CivicScience continually tracks current and anticipated consumer trends. Here are three key insights marketers should know this week. All insights are derived from the CivicScience Social | Political | Economic | Cultural (SPEC) Report, a weekly report available to clients covering the latest news and insights. Start here to learn more.
1. The vast majority of Americans are concerned about cancer; a third have never undergone a cancer screening.
As the incidence rates of cancer among younger Americans continue to rise, CivicScience data show significant cancer concerns among U.S. adults. More than 3-in-4 Americans express some level of concern about cancer, with 1-in-4 indicating a high degree of concern. Concerns about the possibility of someday being diagnosed with cancer are similar among both younger and older adults. There does appear to be some variation among consumers with different health and diet behaviors; for example, consumers who regularly purchase organic foods are notably more likely to be ‘very’ concerned about someday being diagnosed with cancer.
While regular check-ups and screenings are a vital part of a healthy lifestyle and early detection, as many as 1-in-3 U.S. adults say they have never received a mammogram, prostate exam, or other cancer screening. Among respondents aged 45 and older, men are five percentage points more likely than women to have undergone a cancer screening within the past year, but are also twice as likely to have never had a screening before.
See the full SPEC report for more cancer screening insights.
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2. Consumers have shifting priorities for how to use their tax refund this year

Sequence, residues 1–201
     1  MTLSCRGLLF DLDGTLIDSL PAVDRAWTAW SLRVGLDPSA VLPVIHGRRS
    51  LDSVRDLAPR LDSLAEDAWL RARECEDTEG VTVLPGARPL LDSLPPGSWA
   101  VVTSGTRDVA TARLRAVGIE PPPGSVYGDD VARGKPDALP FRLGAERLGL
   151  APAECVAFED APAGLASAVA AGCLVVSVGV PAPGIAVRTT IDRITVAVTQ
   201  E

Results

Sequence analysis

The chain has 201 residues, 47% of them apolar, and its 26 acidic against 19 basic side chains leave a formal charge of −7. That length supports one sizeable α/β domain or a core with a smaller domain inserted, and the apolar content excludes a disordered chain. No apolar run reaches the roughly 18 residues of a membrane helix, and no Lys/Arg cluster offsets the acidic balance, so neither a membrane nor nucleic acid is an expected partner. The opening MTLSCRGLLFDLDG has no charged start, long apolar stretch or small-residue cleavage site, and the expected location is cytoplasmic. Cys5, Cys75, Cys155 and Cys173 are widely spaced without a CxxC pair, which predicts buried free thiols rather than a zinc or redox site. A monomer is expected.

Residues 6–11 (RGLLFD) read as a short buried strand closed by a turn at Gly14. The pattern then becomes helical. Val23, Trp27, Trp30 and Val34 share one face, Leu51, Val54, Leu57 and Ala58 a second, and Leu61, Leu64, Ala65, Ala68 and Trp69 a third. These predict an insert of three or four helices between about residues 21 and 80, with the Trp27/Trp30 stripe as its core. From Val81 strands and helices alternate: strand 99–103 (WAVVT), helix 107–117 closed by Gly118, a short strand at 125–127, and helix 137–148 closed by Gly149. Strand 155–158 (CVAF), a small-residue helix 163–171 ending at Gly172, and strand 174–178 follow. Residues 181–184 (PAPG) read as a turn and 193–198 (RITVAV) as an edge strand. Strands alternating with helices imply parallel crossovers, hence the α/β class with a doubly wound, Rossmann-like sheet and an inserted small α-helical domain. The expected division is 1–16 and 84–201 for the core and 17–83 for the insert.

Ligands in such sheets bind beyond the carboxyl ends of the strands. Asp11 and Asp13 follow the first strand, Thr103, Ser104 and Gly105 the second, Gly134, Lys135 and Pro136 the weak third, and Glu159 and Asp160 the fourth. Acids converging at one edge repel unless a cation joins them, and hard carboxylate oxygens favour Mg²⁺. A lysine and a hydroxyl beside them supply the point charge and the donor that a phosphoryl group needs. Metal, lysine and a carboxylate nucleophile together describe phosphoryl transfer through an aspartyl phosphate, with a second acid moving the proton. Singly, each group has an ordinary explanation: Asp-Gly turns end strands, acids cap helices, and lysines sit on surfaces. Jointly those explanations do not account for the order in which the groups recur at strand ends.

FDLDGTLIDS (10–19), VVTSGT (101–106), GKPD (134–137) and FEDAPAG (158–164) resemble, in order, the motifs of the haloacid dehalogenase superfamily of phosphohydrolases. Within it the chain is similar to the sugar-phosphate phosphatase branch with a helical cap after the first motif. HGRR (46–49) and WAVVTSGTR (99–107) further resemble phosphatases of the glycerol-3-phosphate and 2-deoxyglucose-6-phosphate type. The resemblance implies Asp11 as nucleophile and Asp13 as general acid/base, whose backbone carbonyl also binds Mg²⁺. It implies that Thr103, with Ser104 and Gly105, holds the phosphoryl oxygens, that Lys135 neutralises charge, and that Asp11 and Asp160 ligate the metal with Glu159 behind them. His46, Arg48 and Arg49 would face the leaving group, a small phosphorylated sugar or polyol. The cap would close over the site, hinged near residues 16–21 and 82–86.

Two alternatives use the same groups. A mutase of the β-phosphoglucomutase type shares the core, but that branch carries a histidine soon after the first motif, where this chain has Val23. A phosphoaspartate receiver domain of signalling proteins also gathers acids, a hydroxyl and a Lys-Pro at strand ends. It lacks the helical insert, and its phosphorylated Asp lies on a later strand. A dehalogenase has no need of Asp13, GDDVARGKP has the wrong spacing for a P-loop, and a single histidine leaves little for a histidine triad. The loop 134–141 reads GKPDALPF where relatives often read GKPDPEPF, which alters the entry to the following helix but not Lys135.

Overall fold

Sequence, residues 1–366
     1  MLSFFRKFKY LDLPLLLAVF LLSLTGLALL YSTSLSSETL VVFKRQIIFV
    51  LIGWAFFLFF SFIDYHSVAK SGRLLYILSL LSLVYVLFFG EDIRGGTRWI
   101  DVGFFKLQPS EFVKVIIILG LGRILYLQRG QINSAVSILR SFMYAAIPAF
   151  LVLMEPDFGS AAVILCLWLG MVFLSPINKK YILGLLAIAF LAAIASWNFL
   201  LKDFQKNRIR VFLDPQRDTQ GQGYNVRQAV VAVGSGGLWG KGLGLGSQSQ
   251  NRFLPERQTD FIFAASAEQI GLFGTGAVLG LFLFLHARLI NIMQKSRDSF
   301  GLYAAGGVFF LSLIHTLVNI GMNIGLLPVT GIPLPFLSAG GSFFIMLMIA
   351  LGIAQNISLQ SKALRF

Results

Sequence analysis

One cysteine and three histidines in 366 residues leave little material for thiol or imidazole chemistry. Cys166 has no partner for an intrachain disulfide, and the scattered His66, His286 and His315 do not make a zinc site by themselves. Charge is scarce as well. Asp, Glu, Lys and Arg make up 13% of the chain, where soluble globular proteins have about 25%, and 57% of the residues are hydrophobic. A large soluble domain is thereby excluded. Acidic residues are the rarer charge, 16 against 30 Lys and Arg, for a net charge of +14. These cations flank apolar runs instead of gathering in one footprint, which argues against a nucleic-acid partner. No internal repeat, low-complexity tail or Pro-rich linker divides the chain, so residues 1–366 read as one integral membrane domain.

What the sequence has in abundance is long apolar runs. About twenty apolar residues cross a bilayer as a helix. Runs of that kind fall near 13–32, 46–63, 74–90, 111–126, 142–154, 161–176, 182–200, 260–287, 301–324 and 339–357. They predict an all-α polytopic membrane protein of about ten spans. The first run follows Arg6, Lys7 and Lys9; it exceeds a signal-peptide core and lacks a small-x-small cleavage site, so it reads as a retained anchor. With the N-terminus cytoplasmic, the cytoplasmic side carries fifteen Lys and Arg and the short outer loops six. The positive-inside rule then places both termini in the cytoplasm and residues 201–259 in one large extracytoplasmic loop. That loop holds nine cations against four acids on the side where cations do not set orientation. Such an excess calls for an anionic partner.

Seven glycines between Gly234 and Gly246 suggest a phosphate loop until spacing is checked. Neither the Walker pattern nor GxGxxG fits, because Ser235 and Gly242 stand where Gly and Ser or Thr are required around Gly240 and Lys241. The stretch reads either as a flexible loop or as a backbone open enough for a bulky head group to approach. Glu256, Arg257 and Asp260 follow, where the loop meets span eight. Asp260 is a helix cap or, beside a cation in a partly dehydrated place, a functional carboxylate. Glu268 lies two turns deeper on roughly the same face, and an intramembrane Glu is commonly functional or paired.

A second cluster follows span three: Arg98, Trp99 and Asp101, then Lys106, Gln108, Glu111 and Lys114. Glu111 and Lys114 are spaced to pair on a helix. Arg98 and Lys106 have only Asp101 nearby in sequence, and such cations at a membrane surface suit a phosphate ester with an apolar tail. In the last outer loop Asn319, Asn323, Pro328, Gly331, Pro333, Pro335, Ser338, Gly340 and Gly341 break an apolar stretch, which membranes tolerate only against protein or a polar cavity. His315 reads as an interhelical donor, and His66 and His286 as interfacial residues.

With tax season now underway, 59% of consumers expect to receive a refund on their 2024 federal tax filings – a similar percentage compared to last year (57%) and equivalent to 2022. Consumers who expect to receive a refund this year have slightly different plans on what to do with their money than last year.
For instance, despite general heightened concerns over student loans and holiday debt, those expecting a refund are six percentage points less likely to plan on using their refund to pay down debts. Conversely, they’re also five points more likely to plan on saving or investing it, and six points more likely to plan on going shopping.
3. Roughly one-third of Americans have skipped attending sports events due to rising ticket prices.
Sporting event tickets have skyrocketed across the country, making them unaffordable for many Americans. This aligns with CivicScience data, which found that 32% of U.S. adults have refrained from purchasing tickets to a live sporting event due to rising prices in the past six months. In particular and perhaps unsurprisingly, those who are concerned about repaying their student loans are most likely to have forgone a sporting event ticket.
Join the Discussion: Do you think it’s worth the high cost of tickets to attend a major sporting event?
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